The deciding factor for the future of 5G in Southeast Asia is not political alignment or even security concerns; it’s about the practical needs of these economies.
The level of development, infrastructure and connectivity among Southeast Asia’s economies is very unequal. There’s also a vast disparity between cities and remote areas. Given the region’s young population and large proportion of mobile networks, most capital cities boast good connectivity and network coverage.
For many in the region, Huawei’s technology is more advanced than its Western competitors’ offerings, but it also comes at a fraction of the cost. Huawei is certainly bearing the fruits of Chinese government subsidies, and the security argument is often dismissed not because of a lack of awareness, but because, as one analyst says, ‘Huawei is the most efficient and cost-effective platform available to us.’
Will the US pressure backfire? Even America’s long-term European allies and liberal democracies such as the UK and Germany have resisted the ban. Out of the 10 ASEAN countries, two of which are treaty allies of the US, no one is willing to blindly follow Washington’s ban on Huawei.
The implications of how Southeast Asia responds is beyond just 5G technology, or even Huawei’s services. It is ultimately about the technological dominance and the success of China’s digital silk road. While infrastructure is the main area of competition, the soft infrastructure is no less crucial.
Individual Southeast Asian countries will of course make their own decisions. But so far no country in the region, including US treaty allies, is willing to support the ban for political reasons.
The hyper-focus on 5G is counterproductive. Security concerns are legitimate and need to be addressed in the same way as concerns about privacy protections related to internet applications. At the same time, Southeast Asian nations should treat seriously the possibility that China-linked technology that penetrates their critical infrastructure could be used for coercive purposes in the future.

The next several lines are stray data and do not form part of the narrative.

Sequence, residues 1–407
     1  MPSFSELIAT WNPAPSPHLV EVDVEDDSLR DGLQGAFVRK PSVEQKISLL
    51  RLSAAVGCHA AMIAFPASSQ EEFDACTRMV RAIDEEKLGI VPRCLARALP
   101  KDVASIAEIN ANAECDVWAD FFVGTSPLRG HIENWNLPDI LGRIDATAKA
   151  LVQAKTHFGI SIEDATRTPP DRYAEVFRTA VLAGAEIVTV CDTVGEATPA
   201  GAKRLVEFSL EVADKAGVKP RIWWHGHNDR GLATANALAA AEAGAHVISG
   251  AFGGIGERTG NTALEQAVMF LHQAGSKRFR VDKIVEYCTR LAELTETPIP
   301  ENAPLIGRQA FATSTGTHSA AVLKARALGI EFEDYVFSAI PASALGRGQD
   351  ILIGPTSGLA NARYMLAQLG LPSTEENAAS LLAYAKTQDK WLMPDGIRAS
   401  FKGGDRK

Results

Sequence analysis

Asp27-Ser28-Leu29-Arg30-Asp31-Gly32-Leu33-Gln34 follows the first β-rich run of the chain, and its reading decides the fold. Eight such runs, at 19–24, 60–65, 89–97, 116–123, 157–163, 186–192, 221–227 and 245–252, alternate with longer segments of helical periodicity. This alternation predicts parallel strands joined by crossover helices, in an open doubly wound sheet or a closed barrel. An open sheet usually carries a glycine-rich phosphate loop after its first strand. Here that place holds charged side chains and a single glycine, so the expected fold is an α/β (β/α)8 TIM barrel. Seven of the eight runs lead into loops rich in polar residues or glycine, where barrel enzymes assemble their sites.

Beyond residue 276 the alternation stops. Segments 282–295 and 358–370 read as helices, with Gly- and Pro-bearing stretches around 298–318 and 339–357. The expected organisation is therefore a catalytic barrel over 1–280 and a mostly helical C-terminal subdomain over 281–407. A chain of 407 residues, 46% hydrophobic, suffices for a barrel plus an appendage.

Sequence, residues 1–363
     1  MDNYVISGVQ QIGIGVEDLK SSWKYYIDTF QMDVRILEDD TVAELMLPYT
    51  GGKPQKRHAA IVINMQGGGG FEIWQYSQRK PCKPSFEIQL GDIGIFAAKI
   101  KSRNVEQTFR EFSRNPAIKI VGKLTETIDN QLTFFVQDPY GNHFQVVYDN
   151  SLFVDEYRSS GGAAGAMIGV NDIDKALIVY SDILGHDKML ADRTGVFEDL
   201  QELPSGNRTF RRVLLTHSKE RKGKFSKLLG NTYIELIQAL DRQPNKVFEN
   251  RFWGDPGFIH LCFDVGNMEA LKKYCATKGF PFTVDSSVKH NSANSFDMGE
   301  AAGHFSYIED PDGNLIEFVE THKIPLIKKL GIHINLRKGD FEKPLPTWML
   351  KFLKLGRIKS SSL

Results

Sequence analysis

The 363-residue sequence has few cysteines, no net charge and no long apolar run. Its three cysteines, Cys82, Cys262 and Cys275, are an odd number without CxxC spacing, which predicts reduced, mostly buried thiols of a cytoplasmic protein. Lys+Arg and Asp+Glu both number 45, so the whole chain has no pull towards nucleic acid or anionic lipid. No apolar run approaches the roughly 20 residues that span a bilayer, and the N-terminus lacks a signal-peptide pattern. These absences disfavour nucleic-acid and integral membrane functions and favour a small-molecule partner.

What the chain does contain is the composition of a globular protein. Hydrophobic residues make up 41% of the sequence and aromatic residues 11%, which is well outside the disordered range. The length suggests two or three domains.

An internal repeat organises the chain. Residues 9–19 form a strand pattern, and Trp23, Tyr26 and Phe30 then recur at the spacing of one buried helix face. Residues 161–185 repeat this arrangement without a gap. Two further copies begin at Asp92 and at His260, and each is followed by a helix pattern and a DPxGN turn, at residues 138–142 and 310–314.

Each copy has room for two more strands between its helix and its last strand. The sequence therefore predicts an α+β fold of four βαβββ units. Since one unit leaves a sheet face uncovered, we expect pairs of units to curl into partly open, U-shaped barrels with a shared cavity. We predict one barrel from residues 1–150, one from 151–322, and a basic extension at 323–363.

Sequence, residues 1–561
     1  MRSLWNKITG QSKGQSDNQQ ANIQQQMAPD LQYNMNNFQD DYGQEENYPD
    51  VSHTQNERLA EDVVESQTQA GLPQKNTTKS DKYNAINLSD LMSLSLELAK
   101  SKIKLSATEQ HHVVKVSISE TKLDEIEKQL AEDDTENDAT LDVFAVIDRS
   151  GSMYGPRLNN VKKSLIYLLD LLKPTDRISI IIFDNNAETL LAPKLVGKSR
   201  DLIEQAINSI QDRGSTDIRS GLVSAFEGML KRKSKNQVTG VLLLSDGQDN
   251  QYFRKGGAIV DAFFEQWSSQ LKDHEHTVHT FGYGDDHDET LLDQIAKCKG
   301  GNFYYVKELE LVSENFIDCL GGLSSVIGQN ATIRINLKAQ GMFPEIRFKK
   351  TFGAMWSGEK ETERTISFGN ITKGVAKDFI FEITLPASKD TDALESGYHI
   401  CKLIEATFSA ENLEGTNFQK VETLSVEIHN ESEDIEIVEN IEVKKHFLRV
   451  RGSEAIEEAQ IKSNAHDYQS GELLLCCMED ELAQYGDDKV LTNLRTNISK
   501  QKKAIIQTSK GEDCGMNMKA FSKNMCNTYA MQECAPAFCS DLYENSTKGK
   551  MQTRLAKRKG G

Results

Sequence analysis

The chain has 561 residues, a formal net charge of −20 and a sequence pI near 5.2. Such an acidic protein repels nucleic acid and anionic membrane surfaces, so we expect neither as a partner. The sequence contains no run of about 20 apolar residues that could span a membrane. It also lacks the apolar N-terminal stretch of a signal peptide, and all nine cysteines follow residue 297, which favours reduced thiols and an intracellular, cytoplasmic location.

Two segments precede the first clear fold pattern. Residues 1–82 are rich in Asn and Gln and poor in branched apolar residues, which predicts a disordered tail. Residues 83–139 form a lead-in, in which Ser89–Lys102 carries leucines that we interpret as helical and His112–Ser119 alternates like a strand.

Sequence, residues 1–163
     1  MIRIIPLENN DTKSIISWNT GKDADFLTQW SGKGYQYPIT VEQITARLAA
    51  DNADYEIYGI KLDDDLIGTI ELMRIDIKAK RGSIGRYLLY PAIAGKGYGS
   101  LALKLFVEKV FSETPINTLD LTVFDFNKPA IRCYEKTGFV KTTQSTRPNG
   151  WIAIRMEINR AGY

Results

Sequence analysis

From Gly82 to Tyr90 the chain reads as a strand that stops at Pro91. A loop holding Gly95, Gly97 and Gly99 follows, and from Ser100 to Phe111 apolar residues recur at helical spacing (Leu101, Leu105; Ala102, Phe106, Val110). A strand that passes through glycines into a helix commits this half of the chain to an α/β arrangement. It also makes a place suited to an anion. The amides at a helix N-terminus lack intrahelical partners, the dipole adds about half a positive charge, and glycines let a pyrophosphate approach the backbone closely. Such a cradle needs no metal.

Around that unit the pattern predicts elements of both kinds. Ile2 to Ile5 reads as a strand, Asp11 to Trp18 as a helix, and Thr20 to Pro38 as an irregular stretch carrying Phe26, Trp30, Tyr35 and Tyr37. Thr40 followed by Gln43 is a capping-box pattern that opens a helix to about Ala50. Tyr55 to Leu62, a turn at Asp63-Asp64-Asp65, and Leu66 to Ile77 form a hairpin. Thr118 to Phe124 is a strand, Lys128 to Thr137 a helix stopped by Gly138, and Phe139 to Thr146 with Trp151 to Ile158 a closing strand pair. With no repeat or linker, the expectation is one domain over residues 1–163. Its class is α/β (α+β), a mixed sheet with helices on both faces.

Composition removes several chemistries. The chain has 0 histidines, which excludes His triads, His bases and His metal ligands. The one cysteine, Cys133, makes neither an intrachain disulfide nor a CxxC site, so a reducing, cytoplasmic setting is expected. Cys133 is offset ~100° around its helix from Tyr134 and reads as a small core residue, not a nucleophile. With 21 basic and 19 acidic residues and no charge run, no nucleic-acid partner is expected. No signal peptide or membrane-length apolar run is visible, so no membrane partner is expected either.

The conversation about 5G choices in Southeast Asia is not divorced from the larger issue of Sino-US competition and the debate about choosing one side or the other. But, can the issue of high-speed internet connections be disconnected from the wider context of cyber norms and cyber laws in the region?
The cybersecurity warnings coming from the US are too focused on Huawei. Online restrictions and recent cyber laws across a number of countries, including those in Southeast Asia, legitimise censorship, restrict data flows and certain content, allow for the collection of personal information or constrain foreign companies from storing data offshore. These also should be part of the debate.
Recent regulations and cyber laws in Malaysia, Thailand and Vietnam reflect this trend. Cyber-enabled authoritarianism, in fact, seems rather attractive to many Southeast Asian governments.
The political implications of the presence of US companies, or pressure from the US government, in the telecoms sector in Southeast Asia go much further than the ability to block Huawei. 5G is another key example of a standard-setting opportunity that was missed. As with the Trans-Pacific Partnership—the trade deal that involved 12 Pacific Rim economies before Trump pulled the US out of the deal—the decision by the US to withdraw from the agreement has been held up as one of key examples of a lack of US commitment to the region.
The TPP wasn’t only about trade and economic benefits. It was also about the ability to set and enforce standards. An example is Vietnam, which had to go through a number of economic reforms—including workforce rules and regulations on specific industries—in order to join the TPP. But once the US pulled out, it no longer had the ability to influence that sphere.
A similar logic applies to high-speed internet in Southeast Asia, or anywhere. If American technology providers are not offering an alternative to Huawei—the two other major players are Nokia and Ericsson—the US won’t have a say in setting standards of cybersecurity. To avoid a repeat of the TPP lesson—where the US withdrew for the sake of domestic interests—the US 5G strategy needs to go beyond banning Huawei and asking partners and allies to do the same. It needs to have a horse in the race.
Most Southeast Asians are not comfortable choosing sides in the great-power competition between China and the US. So, if this is a race where the US has to work harder to find partners in Southeast Asia, Washington needs to remind itself that much of its global primacy has been based on its technological prowess and that the innovation imperative is the only way to sustain its position.
A version of this piece was published in Global Asia’s September 2019 issue; it has been republished with permission.